SDLP puts baby shower pledge in manifesto for Stormont election
The SDLP has pledged to give every child born in Northern Ireland at least £500 towards long-term savings.
The money would be paid in two £250 tranches when the baby was born and when he or she reached age 10. A third top-up at age 16 would be discussed with other parties, leader Colum Eastwood said.
More than half of children lived in homes with no savings and the nationalist party vowed to tackle the "frightening" increase in child poverty.
Providing up to 30 hours of free pre-school child care per week for working or studying parents was among other promises contained in the nationalist party's manifesto for next month's Stormont Assembly elections.
Mr Eastwood said: "The SDLP will give every child born here the chance to build for their financial future.
"It is unacceptable in an economy as wealthy as ours that children live in homes with no savings or assets.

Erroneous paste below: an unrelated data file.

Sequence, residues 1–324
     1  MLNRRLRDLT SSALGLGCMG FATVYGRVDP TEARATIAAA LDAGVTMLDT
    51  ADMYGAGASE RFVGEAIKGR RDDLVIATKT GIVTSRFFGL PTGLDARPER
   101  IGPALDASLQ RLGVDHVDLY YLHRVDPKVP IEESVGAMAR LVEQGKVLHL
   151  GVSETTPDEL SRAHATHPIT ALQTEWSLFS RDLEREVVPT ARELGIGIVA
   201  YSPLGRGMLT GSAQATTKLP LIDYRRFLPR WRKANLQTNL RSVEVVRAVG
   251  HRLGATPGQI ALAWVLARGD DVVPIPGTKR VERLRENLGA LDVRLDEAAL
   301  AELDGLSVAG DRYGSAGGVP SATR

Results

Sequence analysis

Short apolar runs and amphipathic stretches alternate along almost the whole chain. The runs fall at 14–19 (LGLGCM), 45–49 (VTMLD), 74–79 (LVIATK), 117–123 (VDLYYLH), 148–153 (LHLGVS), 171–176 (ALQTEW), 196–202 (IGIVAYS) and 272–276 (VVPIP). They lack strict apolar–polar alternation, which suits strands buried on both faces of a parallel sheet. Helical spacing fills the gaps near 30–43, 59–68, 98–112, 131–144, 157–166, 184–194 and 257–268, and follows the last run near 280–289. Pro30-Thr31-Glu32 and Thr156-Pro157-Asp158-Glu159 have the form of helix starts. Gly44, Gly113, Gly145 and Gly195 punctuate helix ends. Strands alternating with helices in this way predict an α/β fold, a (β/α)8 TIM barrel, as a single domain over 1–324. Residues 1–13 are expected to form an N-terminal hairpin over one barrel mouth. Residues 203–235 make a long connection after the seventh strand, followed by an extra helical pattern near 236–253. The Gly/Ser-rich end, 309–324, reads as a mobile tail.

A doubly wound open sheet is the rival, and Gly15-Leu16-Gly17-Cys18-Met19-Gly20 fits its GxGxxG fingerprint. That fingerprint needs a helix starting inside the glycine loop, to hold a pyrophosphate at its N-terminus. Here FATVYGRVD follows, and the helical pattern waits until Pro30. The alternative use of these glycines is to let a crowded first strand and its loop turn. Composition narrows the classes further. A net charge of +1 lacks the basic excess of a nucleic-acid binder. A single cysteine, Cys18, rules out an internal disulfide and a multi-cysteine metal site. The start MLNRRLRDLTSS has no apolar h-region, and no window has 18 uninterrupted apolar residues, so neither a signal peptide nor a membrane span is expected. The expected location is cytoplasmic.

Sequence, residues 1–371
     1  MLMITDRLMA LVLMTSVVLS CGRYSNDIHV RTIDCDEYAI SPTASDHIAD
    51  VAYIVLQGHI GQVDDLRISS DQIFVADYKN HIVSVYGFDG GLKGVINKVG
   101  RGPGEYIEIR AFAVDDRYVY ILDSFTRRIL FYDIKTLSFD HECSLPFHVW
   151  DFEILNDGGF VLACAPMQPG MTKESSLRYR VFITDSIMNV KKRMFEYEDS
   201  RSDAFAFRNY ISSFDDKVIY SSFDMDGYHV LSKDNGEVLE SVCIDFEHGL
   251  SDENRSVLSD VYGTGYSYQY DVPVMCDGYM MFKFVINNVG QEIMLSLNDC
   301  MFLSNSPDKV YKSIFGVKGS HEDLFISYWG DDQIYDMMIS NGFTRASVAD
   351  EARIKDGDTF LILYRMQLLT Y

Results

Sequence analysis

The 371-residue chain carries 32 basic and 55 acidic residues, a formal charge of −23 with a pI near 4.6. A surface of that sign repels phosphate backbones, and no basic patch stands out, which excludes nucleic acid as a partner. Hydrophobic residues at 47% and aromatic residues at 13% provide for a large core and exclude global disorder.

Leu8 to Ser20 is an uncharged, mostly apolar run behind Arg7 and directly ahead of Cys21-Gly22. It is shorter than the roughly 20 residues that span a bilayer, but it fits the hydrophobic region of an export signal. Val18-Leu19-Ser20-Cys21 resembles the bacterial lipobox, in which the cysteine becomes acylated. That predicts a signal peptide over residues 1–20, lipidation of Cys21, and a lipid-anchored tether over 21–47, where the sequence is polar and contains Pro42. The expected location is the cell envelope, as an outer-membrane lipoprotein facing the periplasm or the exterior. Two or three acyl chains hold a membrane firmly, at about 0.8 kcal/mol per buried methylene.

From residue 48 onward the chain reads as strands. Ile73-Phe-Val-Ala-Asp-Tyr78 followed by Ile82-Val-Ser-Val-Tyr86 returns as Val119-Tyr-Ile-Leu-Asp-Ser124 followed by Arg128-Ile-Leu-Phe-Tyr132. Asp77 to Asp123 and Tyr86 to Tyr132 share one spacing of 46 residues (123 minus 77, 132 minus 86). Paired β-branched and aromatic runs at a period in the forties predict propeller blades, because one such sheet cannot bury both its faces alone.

"That ends now."
The SDLP is one of five main parties and a number of smaller groupings competing in the May 5 poll for 108 seats at Stormont.
Stormont is run through a mandatory powersharing coalition of the five largest parties but plans are in place to create an official opposition during the next five-year term.
Mr Eastwood said his Assembly members would only enter a government after May 5 which meets the needs of people across the North.
"We will only enter into an executive if we can fully sign up to a credible and progressive programme for government."
Other key commitments outlined during the launch in Dungannon in Co Tyrone included:
:: The establishment of Northern Ireland's first ever digital technology and coding academy.
:: Providing greater investment in regional infrastructure projects like roads and railways.
:: Promoting the integrated education of Catholic and Protestant children.
:: Renewing efforts to tackle hospital waiting lists and building around 3,000 new social homes every year for those in the most need.
:: Supporting the creation of nearly 40,000 jobs and reversing the cut in the number of student places.
Mr Eastwood said he was guaranteeing voters' fairness and claimed the Democratic Unionists had outflanked Sinn Fein in government.
He said: "Stormont's current leaders are selling an illusion of progress. More and more though, it is an illusion that only they see and they believe."